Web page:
Yesterday's [Lowell] Sun had an OpEd by Columnist E J Dionne. The title was "Can This Election Break the Partisan Party Gridlock? You can find it here, at least for a while.♠ Mr Dionne talks about the problem in DC being about politics and elections and ignores the fact that we have a hugh recession and the two parties are presenting two opposing ways of solving the problem. On the one hand, you have the Keyensians, pushing a plan that cuts taxes and increases Federal outlays to spur the economy. On the other hand you have something that might be called the Chicago School (or reference F A Hayek)♥, which believes that recessions are about bad investments, which must be purged to clear up the system.  These two views are not compatible.
Showing that he doesn't understand, Mr Dionne concludes:
If Obama wants to do more than survive, he thus has to fight a bigger and broader campaign that targets not only Romney but also a GOP congressional apparatus that has moved the party far to the right. Paradoxically, Republicans who want to bring their party to a more sensible place share an interest with Democrats in the president doing just this. It will take real toughness to produce more peaceable politics.This misses the point that we have irreconcilable differences and to cut a deal in the middle is to give us the worst of both possible worlds. Why doesn't Mr Dionne grapple with the real issue? It could be that he doesn't understand it, but I suspect he just thinks Republicans and the Chicago School are stupid (putting him in the Paul Krugman School—as opposed to the less caustic Keynesian, Professor Brad DeLong).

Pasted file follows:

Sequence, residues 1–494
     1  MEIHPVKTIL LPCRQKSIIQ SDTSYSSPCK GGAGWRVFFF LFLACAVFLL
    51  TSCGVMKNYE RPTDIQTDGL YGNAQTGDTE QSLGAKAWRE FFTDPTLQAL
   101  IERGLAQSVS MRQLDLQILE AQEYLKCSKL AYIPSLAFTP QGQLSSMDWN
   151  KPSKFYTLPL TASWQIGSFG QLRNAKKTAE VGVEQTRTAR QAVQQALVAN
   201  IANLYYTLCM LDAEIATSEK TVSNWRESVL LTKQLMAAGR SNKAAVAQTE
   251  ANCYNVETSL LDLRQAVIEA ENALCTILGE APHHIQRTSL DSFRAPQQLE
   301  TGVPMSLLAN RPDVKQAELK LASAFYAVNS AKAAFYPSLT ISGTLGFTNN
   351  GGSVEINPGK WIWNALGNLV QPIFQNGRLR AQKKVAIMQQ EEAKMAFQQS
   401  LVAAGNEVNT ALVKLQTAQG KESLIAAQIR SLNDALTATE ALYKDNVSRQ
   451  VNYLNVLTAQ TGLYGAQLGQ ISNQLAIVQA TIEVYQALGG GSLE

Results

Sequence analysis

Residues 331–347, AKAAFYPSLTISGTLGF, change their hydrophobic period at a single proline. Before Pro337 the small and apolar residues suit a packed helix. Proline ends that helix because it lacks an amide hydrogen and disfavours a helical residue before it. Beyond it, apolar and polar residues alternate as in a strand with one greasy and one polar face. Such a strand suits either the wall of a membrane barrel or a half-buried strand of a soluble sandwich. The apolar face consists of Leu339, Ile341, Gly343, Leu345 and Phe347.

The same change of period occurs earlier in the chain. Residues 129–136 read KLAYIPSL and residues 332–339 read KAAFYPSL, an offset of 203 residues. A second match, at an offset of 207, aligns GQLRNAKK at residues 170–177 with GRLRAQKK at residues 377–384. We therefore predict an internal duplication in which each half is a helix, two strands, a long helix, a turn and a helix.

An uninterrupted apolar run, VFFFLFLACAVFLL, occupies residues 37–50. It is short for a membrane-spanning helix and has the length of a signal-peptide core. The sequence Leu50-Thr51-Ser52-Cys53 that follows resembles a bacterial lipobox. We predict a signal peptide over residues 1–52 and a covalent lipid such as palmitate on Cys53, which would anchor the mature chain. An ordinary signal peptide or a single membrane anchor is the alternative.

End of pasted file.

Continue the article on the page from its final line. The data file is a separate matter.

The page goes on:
Sometimes there are no easy answers.
Regards — Cliff
♠ Here is the version in The Washington Post.
♥ That is Chicago as in the University, not Chicago as in Municiple Politics.